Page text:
Meanwhile, DuPont is training managers to identify signs of distress in workers, though conversations with a boss about a diagnosis "would never be encouraged," says Paul W. Heck, global manager of employee assistance and WorkLife services. Managers who do identify distress are asked to remind employees of the assistance program, which can offer free counseling.
Deloitte's Mr. Binns brought together a group of company executives and mental-health experts in late 2008 to create Mental Health Champions, which taps unofficial confidants for employees struggling with mental-health or emotional problems. Mr. Binns estimates that 50 to 60 people in his office seek help each year. The "champions" aren't trained medical professionals, but they can provide details on available support and managing disclosure.
Complicating such efforts are employees' fears that disclosing a mental illness will derail their careers—a valid concern.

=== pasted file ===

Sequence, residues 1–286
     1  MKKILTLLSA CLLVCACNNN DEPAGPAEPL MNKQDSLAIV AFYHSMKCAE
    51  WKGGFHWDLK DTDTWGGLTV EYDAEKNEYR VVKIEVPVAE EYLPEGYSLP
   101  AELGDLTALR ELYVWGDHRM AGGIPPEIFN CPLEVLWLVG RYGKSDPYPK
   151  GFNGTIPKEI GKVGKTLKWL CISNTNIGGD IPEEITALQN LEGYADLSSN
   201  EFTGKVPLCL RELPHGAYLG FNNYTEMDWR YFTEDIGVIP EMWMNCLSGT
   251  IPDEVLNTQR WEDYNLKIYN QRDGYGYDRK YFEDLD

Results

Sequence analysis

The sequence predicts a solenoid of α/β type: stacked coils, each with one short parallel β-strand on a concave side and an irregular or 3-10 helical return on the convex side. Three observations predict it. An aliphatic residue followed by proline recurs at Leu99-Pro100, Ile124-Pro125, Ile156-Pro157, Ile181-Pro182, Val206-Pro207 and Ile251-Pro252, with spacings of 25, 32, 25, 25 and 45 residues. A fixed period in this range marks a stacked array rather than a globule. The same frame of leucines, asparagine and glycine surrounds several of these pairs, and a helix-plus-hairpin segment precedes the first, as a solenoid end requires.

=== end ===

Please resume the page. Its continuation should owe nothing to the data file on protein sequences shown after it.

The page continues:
Details about a serious mental illness are fair game when researching a job candidate, says Dr. Patricia Cook, chairman and CEO of Cook & Co., a Bronxville, N.Y., executive search firm. Such psychological troubles are "reasons for red flags," she says, and can raise questions about potential future success.
Mentions of depression or obsessive compulsive disorder, which Dr. Cook, a licensed psychologist, calls "diagnostic titles du jour," are a bit less worrisome.
Symptoms of some disorders may even be helpful in the office, some say. A person with obsessive-compulsive disorder, for example, could be seen as a perfectionist with a few quirks.
Dr. Cook once considered a candidate for an executive-level position whose prior supervisor alerted her to a diagnosis of schizophrenia. The candidate was eliminated from the shortlist; she says she provided an "ego-acceptable excuse" without disclosing specifically that it was because of his mental illness.
Rep. Jesse Jackson Jr. (D., Ill.) is facing calls to withdraw from the November ballot following his announcement earlier this month that he suffers from bipolar disorder. Mr. Jackson withheld details of his diagnosis for months, possibly because he was haunted by the political implosion of Thomas Eagleton, whose depression helped kill George McGovern's 1972 presidential aspirations.